Another interesting pedigree play occurred earlier on the afternoon of March 12 at Gulfstream Park, where Danceland was making her second career start on the grass in a maiden special weight for three-year-old fillies going 1 1/16 miles.
A homebred racing for Joe Allen, Danceland didn’t fare badly in her turf debut seven weeks earlier, losing by less than four lengths after showing tactical speed in her two-turn debut.
In addition to the relatively high BRIS Pedigree Ratings noted in her tabulated record, Danceland obviously has bloodlines that stand out at first glance. She is by Tapit, one of the world’s leading stallions, who commanded a $300,000 fee at the time of Danceland’s conception, and she’s out of a winning mare by Storm Cat.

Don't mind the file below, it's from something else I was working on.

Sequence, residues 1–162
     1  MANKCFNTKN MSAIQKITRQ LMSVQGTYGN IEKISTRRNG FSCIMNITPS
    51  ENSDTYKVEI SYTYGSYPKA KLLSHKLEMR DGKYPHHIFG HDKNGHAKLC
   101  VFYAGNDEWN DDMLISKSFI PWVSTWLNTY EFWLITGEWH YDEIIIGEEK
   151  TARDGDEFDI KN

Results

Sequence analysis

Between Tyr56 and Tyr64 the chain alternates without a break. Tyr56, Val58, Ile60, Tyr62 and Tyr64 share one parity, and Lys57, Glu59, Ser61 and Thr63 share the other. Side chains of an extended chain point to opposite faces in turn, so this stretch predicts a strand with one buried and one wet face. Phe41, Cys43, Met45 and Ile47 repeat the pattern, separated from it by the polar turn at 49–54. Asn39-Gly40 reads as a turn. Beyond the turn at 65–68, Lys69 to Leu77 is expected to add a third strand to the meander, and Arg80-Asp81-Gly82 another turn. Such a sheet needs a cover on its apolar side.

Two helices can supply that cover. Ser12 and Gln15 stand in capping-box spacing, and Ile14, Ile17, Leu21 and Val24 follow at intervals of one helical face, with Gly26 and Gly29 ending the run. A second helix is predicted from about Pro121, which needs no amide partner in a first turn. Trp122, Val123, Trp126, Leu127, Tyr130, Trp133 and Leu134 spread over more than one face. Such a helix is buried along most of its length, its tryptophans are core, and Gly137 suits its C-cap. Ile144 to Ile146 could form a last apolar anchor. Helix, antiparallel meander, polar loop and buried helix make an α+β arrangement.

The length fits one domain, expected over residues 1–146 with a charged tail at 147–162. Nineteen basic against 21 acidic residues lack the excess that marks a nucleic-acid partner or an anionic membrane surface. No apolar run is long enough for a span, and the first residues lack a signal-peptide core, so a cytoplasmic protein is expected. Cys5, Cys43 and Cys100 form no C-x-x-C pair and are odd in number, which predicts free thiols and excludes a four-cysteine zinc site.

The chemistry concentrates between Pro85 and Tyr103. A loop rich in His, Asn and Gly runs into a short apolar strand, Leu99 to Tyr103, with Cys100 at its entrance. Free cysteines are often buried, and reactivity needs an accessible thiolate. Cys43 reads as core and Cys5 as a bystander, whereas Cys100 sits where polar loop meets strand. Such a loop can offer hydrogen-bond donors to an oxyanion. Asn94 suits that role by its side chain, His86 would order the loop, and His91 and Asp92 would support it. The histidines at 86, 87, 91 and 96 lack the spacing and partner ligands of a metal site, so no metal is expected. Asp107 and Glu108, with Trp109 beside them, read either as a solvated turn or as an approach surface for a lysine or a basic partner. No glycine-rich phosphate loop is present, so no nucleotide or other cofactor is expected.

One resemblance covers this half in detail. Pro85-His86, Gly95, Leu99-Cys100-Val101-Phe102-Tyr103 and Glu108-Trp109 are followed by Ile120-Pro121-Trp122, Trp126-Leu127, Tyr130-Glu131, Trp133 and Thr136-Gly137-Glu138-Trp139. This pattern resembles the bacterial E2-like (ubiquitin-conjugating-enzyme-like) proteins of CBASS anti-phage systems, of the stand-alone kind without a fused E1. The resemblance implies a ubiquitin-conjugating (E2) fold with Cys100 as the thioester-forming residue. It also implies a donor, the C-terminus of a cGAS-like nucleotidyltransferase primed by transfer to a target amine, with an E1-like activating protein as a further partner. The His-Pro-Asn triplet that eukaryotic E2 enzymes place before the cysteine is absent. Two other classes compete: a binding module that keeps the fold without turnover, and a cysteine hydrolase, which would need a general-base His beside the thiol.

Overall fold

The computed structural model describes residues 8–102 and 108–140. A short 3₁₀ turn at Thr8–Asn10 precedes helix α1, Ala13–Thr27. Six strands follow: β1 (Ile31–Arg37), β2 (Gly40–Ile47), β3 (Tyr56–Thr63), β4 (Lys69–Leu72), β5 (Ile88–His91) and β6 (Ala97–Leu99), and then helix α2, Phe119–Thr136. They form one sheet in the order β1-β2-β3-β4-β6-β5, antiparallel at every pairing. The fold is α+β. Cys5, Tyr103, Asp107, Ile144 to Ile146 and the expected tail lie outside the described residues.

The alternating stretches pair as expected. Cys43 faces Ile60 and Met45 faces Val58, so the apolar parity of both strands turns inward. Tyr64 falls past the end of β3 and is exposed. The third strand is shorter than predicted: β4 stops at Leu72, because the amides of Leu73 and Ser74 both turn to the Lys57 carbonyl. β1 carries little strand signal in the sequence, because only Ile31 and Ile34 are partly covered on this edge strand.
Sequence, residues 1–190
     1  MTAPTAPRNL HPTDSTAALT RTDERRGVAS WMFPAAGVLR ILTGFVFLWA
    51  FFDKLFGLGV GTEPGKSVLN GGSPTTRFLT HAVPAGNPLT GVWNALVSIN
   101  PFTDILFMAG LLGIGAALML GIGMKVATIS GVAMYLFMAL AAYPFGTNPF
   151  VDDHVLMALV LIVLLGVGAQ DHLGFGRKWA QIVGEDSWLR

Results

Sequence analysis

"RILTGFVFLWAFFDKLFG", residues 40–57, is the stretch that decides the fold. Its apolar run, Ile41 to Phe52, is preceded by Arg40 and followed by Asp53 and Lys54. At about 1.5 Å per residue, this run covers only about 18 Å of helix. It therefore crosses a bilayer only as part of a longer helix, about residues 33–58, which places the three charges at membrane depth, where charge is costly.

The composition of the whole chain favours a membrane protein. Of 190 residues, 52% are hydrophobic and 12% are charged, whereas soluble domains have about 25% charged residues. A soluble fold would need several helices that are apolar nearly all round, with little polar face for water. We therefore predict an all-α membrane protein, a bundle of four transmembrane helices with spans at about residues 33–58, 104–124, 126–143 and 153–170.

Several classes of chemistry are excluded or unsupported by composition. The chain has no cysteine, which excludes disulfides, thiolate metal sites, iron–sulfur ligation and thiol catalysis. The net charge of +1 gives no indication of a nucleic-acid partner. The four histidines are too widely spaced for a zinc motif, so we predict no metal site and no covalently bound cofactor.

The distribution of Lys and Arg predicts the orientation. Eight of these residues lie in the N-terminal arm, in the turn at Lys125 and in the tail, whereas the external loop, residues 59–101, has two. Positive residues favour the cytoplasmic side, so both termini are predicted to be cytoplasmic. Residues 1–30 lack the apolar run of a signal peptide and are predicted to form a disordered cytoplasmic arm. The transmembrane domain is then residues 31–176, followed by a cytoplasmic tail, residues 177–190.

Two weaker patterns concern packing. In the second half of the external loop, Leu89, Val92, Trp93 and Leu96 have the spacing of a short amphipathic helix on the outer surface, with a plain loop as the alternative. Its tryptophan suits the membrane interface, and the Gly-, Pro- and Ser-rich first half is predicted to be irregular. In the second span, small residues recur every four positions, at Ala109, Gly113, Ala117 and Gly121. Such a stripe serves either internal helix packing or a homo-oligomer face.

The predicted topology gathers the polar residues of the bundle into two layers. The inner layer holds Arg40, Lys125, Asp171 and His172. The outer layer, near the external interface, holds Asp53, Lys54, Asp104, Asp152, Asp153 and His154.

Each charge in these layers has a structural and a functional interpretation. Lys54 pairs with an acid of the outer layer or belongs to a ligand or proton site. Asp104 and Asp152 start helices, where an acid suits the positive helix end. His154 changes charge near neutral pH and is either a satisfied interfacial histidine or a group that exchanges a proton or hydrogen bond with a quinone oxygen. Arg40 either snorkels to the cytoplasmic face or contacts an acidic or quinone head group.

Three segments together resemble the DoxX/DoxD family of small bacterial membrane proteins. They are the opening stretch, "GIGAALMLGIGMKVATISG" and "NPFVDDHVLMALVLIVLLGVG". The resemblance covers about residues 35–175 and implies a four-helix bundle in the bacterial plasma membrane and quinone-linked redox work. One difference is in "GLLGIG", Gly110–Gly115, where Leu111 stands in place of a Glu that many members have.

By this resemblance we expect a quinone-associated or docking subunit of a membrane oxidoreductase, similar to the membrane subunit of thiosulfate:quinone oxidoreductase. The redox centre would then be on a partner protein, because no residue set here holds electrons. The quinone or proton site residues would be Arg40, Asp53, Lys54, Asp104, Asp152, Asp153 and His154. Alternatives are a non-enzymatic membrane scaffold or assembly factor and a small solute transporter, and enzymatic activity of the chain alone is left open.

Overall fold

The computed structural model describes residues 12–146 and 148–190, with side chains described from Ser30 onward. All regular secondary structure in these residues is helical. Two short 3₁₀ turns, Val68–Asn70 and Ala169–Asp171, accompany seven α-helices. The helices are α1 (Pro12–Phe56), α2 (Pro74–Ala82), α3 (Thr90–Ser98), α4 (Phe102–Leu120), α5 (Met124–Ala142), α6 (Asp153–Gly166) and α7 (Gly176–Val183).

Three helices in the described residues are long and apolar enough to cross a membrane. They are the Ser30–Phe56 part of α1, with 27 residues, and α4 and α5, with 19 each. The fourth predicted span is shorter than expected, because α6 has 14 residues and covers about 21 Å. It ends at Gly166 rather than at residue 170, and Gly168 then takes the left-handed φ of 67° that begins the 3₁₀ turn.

The average winning distance for offspring of Tapit is 7 1/2 furlongs, so it wasn’t a stretch to think Danceland might improve this time going an extra furlong. The filly’s female family, as you would expect, is impressive, too. Wonder Woman has reared seven winners from nine starters, including five turf winners and two stakes winners.
However, digging deeper into the filly’s family background, using Brisnet pedigree report #750 (Catalog Page), we find several reasons to suggest this filly’s future is well ahead of her.
Not only has Danceland’s dam, Wonder Woman, enjoyed a solid career as a producer, but the stock of her own immediate family had risen greatly in recent years. Well after Wonder Woman hit the broodmare paddocks, her three-quarter brother Naval Officer became a Group 3 winner in France. A few years later, their half-brother War Command captured the prestigious Dewhurst (G1) at Newmarket.
In a race where the 5-2 favorite had already run second four times in six attempts, there was enough in Danceland’s familial and racing background to suggest we had not yet seen the best from her and that she would be a better value than the generally exposed public choice.
Rating less than four lengths off the pace at every call, Danceland split rivals late and won by a neck. The win payoff was $25.80.